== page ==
Explore

William Lloyd Garrison

An ardent abolitionist and supporter of the women’s suffrage movement, William Lloyd Garrison is perhaps best known as the editor of the abolitionist newspaper The Liberator, and as one of the founders of the American Anti-Slavery Society.

columns

The Radical Abolitionists, Part 2

by David S. D’Amato on Jan 7, 2014

D’Amato looks at the Garrisonians, the most diehard and arguably most consistently libertarian of the abolitionists.

columns

More on Garrison and the Civil War

by George H. Smith on Mar 23, 2018

Smith explains why Garrison, an avowed pacifist, supported the North during the Civil War.

columns

The Radical Abolitionists

by David S. D’Amato on Dec 2, 2013

The radical libertarian abolitionists thought it was senseless to attack slavery while defending the institutions that upheld it.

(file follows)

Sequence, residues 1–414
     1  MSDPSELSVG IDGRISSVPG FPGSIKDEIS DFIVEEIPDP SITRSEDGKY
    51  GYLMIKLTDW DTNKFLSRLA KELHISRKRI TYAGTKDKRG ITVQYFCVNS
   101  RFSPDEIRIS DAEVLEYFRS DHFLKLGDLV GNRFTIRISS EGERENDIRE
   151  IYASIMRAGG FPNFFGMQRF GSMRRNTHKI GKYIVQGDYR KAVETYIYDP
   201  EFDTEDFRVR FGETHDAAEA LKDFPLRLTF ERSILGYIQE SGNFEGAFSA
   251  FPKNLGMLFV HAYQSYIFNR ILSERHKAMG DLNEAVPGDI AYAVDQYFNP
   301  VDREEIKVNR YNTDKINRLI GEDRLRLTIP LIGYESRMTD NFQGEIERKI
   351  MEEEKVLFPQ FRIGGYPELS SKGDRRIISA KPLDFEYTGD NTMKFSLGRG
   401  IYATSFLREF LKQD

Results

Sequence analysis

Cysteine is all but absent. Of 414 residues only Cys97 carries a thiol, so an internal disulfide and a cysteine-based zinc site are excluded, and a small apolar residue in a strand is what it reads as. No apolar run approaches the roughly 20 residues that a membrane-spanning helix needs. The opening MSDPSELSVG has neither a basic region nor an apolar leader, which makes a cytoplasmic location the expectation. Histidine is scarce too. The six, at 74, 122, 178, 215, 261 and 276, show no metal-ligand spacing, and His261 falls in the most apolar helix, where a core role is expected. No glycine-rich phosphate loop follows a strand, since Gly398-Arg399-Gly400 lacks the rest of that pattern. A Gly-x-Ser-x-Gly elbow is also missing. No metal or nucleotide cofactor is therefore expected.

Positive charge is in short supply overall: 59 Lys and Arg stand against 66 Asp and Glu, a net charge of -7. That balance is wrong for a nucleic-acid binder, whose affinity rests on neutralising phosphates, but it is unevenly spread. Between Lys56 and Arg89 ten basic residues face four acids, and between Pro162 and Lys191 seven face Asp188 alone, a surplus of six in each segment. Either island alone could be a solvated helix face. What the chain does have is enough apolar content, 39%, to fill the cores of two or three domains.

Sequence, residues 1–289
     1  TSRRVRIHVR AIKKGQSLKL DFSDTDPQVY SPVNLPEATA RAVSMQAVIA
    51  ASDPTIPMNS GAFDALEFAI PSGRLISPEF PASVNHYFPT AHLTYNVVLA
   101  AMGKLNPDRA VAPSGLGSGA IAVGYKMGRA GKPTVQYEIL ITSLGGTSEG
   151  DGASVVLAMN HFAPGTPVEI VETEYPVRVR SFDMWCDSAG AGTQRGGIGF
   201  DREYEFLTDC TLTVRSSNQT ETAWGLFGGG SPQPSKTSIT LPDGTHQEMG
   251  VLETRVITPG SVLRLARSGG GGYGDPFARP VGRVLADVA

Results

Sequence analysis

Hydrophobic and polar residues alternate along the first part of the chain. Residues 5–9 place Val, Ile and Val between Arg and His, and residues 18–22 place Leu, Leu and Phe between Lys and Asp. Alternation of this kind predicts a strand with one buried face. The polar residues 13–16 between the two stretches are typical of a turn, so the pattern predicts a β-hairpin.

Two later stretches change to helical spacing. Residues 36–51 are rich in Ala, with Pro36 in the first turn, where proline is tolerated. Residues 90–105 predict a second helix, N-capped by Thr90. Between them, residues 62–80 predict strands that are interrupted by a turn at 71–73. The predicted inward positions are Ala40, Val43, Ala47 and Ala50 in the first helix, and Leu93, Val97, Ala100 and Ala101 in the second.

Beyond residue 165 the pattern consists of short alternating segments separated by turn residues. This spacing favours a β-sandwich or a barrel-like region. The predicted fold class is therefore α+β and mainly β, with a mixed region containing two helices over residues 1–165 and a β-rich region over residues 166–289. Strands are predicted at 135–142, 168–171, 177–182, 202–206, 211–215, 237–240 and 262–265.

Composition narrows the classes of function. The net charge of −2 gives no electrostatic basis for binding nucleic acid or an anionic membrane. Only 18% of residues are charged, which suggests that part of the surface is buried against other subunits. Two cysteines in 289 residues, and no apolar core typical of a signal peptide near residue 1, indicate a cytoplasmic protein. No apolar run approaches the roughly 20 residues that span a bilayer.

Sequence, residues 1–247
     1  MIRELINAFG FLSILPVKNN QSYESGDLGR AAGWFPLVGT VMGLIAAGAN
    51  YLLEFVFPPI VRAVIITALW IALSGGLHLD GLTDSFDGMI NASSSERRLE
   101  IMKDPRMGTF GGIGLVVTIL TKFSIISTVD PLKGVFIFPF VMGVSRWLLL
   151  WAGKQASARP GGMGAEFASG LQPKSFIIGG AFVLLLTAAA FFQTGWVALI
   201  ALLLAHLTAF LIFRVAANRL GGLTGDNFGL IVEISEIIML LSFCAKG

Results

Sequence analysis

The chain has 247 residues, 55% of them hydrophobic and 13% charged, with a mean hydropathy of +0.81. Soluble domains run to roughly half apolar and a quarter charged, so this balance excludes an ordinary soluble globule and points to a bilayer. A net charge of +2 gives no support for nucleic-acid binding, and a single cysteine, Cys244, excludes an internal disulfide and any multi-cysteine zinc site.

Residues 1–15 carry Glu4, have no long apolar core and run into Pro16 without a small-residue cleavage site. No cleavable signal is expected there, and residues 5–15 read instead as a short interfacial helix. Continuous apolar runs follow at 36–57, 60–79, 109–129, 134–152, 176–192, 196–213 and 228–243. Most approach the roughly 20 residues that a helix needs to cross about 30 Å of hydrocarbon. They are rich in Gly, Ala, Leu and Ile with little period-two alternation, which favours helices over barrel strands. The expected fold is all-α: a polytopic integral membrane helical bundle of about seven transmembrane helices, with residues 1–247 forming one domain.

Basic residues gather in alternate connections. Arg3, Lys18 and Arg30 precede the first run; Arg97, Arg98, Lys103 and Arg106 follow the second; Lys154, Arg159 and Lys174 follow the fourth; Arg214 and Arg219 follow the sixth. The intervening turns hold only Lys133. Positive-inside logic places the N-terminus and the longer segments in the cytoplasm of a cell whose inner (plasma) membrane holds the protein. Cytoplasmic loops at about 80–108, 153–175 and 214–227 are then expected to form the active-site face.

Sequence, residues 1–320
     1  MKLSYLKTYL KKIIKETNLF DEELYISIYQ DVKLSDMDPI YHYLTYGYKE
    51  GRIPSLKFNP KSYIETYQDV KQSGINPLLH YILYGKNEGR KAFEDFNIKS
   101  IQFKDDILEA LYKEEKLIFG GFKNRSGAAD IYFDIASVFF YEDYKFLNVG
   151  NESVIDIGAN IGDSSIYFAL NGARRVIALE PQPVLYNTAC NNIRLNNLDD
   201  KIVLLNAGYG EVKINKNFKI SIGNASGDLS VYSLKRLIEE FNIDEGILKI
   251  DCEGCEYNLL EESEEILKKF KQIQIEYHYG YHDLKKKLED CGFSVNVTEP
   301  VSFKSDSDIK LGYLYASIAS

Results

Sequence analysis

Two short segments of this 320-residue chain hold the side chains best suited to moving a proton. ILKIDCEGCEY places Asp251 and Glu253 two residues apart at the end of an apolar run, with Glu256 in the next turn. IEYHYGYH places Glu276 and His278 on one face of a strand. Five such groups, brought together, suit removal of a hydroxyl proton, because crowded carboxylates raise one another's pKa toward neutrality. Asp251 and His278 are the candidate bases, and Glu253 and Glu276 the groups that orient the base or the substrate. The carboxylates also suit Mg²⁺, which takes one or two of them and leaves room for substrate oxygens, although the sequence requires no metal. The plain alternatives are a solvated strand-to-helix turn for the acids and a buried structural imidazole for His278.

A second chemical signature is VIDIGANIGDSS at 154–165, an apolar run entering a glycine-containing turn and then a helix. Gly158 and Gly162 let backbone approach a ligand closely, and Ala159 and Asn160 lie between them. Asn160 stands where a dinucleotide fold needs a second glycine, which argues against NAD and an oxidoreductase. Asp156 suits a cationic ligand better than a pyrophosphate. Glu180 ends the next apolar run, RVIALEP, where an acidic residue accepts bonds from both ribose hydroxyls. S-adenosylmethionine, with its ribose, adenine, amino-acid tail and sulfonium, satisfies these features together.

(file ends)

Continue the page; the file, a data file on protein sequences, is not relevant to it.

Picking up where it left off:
columns

Abolitionism and Self-Ownership

by George H. Smith on Jan 13, 2017

Smith discusses the crucial role played by the inalienable right of self-ownership in the abolitionist crusade to abolish slavery.

columns

Garrison on the Right of Secession

by George H. Smith on Mar 2, 2018

Smith discusses what Garrison meant by the “right of secession,” and how he reconciled his views with his condemnation of secession by the southern states.

columns

The Liberty Party

by George H. Smith on May 14, 2018

Smith discusses some circumstances that led to the formation of the abolitionist Liberty Party in 1840.

columns

Abolitionism: The Schism Over Voting

by George H. Smith on Jan 27, 2017

Smith discusses the split in the American Anti-Slavery Society over voting, equal rights for women, and other causes.

columns

Final Comments on Wendell Phillips and Non-Voting

by George H. Smith on Apr 7, 2017

Smith concludes his discussion of the no-voting theory of Wendell Phillips by explaining Phillips’s attitude toward taxes and the limits of democracy.

columns

Some Background on the Prohibition Movement

by George H. Smith on May 26, 2017

Smith explains some reasons why the temperance movement switched from advocating voluntary methods to calling for coercive prohibitory laws during the 1830s.